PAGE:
24 years ago, the UN designated June 17th as World Day to Combat Desertification and Drought. The importance and the relevance of the topic is marked by the fact that water shortage is one of the main themes of this year’s greatest event in diplomacy, the Budapest Water Summit 2019.
Today, the problem has become extremely pressing: according to latest news reports, hundreds of villages are being evacuated in central India due to heat waves and drought that impact at least eight million farmers. In the meantime, the spread of deserts is jeopardising the livelihood of over 1 billion people, including almost all of Europe’s Mediterranean countries, and according to estimates, up to 700 million people may be forced to leave their homes due to the lack of land suitable for agriculture by 2050.
According to Prof András Szöllősi-Nagy, Chair of the International Programme and Drafting Committee of the Budapest Water Summit 2019, still not many people are aware that the issue of water has become one of the highest priorities at the international level in the 21st century.
The phenomenon most people simply know as drought is classified by specialists in six categories:
Up to 180 thousand people may be left without drinking water due to the severe drought.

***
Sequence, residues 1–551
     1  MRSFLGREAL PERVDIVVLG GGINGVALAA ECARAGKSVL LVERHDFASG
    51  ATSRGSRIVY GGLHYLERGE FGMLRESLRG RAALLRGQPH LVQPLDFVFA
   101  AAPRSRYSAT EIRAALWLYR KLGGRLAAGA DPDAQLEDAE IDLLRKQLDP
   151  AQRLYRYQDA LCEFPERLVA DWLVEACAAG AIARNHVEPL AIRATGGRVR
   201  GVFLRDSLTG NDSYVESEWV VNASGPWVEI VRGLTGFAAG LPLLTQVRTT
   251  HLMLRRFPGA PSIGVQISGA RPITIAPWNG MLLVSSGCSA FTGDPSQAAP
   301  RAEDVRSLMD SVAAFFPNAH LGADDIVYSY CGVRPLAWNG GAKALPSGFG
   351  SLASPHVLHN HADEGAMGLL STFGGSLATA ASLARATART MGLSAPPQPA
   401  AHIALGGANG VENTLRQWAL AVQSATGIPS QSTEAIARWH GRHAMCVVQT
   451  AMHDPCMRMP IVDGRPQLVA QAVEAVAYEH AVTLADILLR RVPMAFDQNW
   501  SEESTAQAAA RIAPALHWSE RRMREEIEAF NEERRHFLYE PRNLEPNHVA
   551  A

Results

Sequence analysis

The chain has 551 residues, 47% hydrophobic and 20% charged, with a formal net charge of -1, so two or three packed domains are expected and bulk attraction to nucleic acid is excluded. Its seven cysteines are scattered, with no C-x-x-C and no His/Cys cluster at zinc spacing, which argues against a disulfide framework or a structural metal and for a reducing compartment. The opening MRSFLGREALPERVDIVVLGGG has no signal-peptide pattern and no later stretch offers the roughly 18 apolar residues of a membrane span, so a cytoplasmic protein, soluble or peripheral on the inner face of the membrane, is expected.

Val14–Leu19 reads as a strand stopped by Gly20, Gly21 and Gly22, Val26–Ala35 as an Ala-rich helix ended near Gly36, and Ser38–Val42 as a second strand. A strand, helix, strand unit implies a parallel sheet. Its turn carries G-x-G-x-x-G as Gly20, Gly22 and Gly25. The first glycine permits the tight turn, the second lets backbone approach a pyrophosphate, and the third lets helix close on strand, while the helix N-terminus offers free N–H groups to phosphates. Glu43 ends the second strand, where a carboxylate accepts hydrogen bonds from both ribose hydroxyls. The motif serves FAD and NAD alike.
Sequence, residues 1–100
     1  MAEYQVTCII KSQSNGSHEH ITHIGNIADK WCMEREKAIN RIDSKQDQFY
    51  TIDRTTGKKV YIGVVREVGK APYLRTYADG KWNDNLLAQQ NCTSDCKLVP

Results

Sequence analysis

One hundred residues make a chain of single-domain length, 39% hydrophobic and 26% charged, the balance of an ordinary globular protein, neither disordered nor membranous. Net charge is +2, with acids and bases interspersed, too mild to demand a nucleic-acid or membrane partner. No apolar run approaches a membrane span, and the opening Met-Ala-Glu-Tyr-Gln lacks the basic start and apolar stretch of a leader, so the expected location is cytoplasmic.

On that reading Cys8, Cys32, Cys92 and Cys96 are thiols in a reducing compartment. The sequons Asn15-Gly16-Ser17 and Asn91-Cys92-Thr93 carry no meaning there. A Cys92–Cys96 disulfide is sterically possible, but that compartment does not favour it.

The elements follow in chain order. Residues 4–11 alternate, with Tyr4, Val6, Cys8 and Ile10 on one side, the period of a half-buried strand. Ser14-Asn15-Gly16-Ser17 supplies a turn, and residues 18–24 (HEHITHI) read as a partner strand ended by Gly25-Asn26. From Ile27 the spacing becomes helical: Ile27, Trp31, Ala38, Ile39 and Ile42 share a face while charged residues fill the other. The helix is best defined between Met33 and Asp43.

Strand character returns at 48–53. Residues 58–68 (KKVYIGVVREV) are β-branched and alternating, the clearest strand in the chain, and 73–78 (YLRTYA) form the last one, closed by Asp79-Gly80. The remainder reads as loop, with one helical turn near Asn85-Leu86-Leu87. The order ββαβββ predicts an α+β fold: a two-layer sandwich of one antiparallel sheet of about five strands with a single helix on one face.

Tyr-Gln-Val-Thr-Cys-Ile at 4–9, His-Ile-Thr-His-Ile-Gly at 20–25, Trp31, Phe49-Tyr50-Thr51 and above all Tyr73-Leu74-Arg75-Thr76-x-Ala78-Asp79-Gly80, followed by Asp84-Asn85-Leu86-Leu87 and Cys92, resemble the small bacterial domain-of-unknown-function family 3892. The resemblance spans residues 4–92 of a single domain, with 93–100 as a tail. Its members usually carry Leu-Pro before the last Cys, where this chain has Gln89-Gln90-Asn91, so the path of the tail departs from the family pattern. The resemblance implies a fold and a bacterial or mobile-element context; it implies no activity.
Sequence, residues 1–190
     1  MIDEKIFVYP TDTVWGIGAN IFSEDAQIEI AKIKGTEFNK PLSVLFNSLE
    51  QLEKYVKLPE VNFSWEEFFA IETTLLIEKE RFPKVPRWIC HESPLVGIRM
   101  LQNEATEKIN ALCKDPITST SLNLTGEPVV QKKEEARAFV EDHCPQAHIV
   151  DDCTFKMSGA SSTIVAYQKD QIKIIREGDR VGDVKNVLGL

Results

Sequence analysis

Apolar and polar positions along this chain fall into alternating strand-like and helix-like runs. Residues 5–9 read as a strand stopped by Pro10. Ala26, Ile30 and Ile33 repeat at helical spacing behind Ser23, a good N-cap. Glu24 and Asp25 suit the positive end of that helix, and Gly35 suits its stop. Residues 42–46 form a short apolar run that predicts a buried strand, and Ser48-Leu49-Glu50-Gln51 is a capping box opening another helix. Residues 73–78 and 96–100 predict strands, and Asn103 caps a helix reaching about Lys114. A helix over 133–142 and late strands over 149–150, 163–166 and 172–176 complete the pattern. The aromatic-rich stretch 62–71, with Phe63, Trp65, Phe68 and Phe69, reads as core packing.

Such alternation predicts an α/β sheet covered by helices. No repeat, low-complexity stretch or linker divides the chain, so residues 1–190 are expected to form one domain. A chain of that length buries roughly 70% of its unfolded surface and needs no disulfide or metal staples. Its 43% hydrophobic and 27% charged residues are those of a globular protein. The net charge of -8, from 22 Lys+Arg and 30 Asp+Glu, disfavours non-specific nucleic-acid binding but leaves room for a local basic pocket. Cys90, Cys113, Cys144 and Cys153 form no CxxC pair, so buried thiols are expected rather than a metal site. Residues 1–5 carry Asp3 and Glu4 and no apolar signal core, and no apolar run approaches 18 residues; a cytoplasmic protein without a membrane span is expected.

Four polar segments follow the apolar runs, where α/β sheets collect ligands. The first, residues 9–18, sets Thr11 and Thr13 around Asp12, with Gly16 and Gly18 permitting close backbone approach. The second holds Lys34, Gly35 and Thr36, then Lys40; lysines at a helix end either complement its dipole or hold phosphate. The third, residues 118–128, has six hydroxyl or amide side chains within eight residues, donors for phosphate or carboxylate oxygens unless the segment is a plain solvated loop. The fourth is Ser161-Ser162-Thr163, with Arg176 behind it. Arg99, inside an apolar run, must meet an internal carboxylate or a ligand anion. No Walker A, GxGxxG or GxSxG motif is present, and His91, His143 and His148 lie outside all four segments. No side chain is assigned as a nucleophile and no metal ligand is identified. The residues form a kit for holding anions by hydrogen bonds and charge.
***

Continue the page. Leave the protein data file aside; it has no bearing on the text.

Extreme drought is putting one of the world’s most important trade routes at risk.
The characteristic sand banks of the river have grown larger, some branches have dried out completely.
Zimbabwe’s capital city, Harare, shut down its main water works on 23 September citing shortages of foreign currency to import chemicals required for water treatment. The situation may not only lead to a severe water shortage for the population, but also increases the risks of diseases carried by contaminated water, such as cholera.
A comprehensive report by the European Environment Agency claims that over the next 30 years, agricultural yields could drop by up to 16 percent in Europe due to the phenomena accompanying climate change.
This year’s was the third hottest summer in Germany since the beginning of regular meteorological records in 1881, according to preliminary data from the Federal Meteorological Service.
In 2011, Laguna de Aculeo, one of the country’s favourite bathing resorts, still covered 12 square kilometres, and the lake was 6 metres deep – but since then, it has completely dried out.
The problem of the water shortages caused by global warming is much more complex than we have thought. In some parts of Africa, people not only need to face thirst but also the fact that the regions impacted by drought emit a quantity of carbon dioxide equivalent to the emissions of two hundred million cars each year.
According to a new report by the UN Intergovernmental Panel on Climate Change (IPCC) that focuses on the interaction between climate change, desertification and food security, if present land use habits are maintained, the planet’s capacity to produce food will drop drastically.
The EU is contributing a further 50 million euro to alleviate drought damage in a number of Eastern and Central African countries. According to estimates, more than 4 million children and about 3 million pregnant women and breastfeeding mothers are undernourished in the region.